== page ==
M27: The Dumbbell Nebula
The first hint of what will become of our Sun was discovered inadvertently in 1764. At that time, Charles Messier was compiling a list of
diffuse objects not to be confused with comets. The 27th object on Messier's list, now known as M27 or the Dumbbell Nebula, is a plane-
tary nebula, the type of nebula our Sun will produce when nuclear fusion stops in its core. M27 is one of the brightest planetary nebulae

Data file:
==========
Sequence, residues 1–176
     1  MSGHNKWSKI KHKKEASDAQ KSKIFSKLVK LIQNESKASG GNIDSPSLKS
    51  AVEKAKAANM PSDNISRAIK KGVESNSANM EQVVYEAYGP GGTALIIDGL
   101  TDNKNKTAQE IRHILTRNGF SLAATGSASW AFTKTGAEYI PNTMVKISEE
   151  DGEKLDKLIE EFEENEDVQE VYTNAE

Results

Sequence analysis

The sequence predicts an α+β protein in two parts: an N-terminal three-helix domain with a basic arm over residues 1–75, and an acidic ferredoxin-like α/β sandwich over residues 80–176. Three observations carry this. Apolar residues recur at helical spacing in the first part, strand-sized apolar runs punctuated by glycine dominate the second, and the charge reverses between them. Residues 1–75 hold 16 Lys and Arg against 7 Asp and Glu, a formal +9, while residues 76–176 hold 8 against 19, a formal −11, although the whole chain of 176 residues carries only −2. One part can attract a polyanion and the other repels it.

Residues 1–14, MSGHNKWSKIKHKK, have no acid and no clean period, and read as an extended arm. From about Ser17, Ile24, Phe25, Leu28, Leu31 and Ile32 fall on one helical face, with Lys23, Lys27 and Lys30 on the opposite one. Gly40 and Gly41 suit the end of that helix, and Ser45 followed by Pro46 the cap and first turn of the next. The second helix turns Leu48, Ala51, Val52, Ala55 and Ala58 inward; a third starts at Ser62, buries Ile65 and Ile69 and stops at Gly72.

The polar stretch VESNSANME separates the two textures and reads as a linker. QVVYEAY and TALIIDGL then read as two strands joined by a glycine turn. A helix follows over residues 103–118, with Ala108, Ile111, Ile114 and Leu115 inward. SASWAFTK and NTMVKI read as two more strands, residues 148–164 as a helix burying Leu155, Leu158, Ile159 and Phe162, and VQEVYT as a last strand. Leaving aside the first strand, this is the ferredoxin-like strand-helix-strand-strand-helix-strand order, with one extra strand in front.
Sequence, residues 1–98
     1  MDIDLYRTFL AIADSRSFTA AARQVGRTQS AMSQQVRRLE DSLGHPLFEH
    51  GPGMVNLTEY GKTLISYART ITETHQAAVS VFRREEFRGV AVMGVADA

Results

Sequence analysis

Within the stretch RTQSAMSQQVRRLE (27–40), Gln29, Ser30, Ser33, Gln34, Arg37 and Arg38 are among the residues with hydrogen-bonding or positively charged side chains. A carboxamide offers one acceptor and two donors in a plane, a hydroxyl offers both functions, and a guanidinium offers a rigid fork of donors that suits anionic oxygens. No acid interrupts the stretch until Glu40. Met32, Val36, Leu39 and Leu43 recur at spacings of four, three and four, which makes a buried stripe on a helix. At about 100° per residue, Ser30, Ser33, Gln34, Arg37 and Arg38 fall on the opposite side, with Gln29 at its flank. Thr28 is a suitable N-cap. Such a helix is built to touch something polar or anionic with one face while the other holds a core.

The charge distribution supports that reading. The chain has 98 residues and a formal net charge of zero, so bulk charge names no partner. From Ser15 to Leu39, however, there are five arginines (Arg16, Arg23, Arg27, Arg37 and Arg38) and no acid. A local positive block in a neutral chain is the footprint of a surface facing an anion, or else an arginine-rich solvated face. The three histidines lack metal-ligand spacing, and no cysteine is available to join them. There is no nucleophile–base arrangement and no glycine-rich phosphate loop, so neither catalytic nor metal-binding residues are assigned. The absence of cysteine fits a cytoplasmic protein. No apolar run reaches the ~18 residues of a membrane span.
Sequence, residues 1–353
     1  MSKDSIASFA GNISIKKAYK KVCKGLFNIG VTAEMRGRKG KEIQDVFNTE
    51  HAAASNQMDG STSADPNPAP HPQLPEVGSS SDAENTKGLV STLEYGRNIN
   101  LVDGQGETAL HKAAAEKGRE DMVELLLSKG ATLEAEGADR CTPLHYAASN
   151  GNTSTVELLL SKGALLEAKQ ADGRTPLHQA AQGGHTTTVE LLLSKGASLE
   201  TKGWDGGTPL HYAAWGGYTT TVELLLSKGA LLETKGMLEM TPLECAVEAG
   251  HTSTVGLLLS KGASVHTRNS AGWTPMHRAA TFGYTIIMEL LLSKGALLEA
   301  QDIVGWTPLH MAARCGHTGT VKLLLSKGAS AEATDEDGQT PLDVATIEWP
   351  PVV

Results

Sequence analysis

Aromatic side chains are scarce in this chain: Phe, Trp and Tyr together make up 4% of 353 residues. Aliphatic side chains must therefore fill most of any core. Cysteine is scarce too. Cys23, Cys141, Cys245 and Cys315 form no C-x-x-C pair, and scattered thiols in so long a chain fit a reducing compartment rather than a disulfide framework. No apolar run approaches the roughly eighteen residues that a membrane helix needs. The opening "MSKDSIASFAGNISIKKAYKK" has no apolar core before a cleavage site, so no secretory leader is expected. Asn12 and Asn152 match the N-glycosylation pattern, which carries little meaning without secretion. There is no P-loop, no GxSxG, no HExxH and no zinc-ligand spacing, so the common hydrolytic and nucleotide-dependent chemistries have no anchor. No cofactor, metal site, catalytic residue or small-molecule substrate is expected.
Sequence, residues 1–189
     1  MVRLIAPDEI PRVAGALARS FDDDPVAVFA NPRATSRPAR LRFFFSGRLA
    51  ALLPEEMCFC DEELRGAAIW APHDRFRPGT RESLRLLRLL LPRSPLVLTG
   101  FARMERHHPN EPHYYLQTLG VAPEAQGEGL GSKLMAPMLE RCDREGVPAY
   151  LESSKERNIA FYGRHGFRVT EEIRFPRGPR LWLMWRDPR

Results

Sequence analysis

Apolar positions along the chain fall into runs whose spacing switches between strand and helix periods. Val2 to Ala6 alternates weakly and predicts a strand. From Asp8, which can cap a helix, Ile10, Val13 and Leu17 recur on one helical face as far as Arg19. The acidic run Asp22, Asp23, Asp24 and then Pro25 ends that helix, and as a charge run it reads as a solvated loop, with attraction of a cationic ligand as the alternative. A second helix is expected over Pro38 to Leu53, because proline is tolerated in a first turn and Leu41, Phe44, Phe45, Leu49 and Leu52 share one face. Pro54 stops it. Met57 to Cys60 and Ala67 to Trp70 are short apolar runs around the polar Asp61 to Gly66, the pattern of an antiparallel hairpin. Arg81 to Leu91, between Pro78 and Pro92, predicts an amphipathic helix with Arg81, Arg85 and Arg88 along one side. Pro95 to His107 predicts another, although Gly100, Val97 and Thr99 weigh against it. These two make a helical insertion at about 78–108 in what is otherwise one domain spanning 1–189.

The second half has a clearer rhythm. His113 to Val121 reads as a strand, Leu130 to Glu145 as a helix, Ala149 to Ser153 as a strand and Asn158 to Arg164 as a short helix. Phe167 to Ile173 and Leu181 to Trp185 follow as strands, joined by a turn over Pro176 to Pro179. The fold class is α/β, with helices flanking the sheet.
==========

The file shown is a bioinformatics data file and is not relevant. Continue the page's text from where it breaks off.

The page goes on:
on the sky, and can be seen toward the constellation of the Fox (Vulpecula) with binoculars. It takes light about 1000 years to reach us
from M27, shown above in colors emitted by hydrogen and oxygen. Understanding the physics and significance of M27 was well beyond
18th century science. Even today, many things remain mysterious about bipolar planetary nebula like M27, including the physical mechanism
that expels a low-mass star's gaseous outer-envelope, leaving an X-ray hot white dwarf.